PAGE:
How spaces affect well-being
Architecture shifts its focus away from glass and stone back to light and space
The environment is linked to human life, its shifts and changes dictating living patterns and behaviors, mood and psyche included. Seasonal Affective Disorder (SAD), for example, is brought about by the changes in seasons. Sometimes called winter blues or summertime sadness, SAD may well be considered a seasonal depression.
The conditions that improve or worsen mood can be found in natural as well as man-made environments such as buildings. A report by the World Green Building Council (GBC) quotes Winston Churchill: “We shape our buildings, and afterwards our buildings shape us.”
It sounds obvious enough, but taking the occupants’ physical and mental health into consideration in building design has been only recently regaining significance. Early modernists once emphasized the importance of light and air in architecture, but after a period of divergence, the focus is being brought back to health and wellness.
Architectural and design psychology suggest several factors to consider in creating healthy spaces.
Color psychology suggests that spaces painted in a shade of blue or green are more calming, making it ideal for hospitals. These colors also improve creative idea generation, useful for offices. Red, on the other hand, is discouraged for medical institutions as it may rouse feelings of anger, but is more common for restaurants as it also serves as an appetite stimulant.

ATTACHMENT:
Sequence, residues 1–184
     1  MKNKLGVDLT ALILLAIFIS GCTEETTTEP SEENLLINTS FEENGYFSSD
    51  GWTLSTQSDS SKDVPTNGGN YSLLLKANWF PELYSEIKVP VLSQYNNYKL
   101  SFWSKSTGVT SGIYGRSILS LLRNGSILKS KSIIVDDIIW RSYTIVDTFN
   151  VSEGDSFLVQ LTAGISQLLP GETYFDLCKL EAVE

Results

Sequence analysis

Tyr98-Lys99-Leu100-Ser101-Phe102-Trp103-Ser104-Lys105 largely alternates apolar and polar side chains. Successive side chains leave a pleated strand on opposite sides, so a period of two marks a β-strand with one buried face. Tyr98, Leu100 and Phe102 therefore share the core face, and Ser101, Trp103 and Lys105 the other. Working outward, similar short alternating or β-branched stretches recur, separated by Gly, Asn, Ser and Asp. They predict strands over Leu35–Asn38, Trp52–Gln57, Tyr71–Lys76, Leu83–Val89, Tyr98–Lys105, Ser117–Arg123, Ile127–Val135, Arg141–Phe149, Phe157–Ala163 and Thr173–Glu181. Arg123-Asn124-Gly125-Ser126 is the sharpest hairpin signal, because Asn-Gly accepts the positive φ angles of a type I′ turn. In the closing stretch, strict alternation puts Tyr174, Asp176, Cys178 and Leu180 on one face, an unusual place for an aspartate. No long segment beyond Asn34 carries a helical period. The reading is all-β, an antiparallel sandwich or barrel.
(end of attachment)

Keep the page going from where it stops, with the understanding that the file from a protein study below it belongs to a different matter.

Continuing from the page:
Light and views
Several studies note the preference for and benefits of having window views, especially in hospitals and offices. Aside from allowing entry for natural light, views outside, particularly of nature, help ease feelings of stress. The World GBC notes: “longer distance views, away from computer screens or written documents, allow the eyes to adjust and re-focus, which reduces fatigue, headaches, and the effects of eye strain in the long term.”
Privacy and common spaces
Office design trends have recently been leaning towards open-plan spaces. The intention is to encourage informal social interactions, which ideally would lead to better communication among employees. Some studies note that a strong sense of social support helps promote better mental health, but despite the importance of these open spaces, a strong need for privacy still remains. True privacy is, after all, not just about what you can keep out of prying eyes, but the degrees of how much you want to know about others and how much you want them to know about you.